With the prospect of a grim Christmas facing families compelled to forgo traditional gatherings due to the intrusion of a global pandemic, it’s heartening to see how many local residents, service groups and other organizations have stepped up to brighten the season.
A quick skim through the pages of the Community News this week – in fact, the last few weeks – reveals a number of creative Christmas activities designed to stand in for the parades, concerts and other events that local residents normally share through the season.
Across northern Wellington, and indeed the entire county, parades became “Reverse Parades” or a “Santa Cruises.” Christmas concerts went digital or were replaced with events allowing for physical distancing; even events such as “tree lightings” went online in some cases.
Page one this week features the story of four-year-old Chase Martin, who wanted to share kindness this Christmas season and, with the help of his parents, raised $300 to buy toys for the Kinette Club of Palmerston and District toy drive and food for the Mapleton and Minto food banks. It’s a heartwarming tale and a little light into the darkness of the unprecedented crisis that impacts almost everything we do these days.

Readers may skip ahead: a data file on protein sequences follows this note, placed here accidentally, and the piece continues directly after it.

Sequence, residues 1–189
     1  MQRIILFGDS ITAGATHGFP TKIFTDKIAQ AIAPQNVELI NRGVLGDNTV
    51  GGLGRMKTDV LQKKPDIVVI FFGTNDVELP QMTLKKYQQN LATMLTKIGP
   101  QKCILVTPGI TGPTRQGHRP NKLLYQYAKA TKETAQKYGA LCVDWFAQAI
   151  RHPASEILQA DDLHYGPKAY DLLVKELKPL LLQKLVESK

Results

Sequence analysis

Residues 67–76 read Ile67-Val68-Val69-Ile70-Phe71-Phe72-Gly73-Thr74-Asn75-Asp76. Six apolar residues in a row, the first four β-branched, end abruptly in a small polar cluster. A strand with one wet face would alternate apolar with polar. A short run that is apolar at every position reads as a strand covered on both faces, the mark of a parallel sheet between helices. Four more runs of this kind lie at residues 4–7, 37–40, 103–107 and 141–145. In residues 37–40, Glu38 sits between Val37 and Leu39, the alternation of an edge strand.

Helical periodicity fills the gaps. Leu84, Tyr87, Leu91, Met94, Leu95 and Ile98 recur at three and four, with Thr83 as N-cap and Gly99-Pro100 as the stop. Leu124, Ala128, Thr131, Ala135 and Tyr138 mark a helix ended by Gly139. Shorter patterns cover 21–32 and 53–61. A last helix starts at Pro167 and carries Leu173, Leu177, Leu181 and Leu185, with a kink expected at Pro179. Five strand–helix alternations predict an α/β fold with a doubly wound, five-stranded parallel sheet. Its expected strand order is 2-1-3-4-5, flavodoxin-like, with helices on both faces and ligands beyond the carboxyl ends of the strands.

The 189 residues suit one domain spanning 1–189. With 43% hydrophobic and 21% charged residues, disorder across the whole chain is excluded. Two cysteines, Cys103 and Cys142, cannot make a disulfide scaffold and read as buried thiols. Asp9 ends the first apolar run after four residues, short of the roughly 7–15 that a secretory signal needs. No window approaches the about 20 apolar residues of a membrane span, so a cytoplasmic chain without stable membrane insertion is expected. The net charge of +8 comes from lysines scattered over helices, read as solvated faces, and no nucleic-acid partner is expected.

This week’s paper also details some amazing acts of generosity in the form of massive donations to local health care facilities and community organizations. Local insurance provider Edge Mutual donated a total of $150,000 ($75,000 each) to the foundations supporting hospitals in Palmerston and Mount Forest, while members of the Donald Family contributed $60,000 to minor sports in the Mount Forest area through the Centre Wellington Community Foundation’s Wellington North Youth Fund.
While not specifically Christmas gifts, these contributions come at a critical time as such organizations are struggling with the difficulty of raising funds during a pandemic. Sadly, other needs don’t fade away because we are facing a pervasive new challenge.
We will still be two weeks out from Christmas Eve when this paper reaches doorsteps across the region. By then, it will be no surprise if we find a few more such stories to tell as the community draws together figuratively, if not physically, for the holiday season.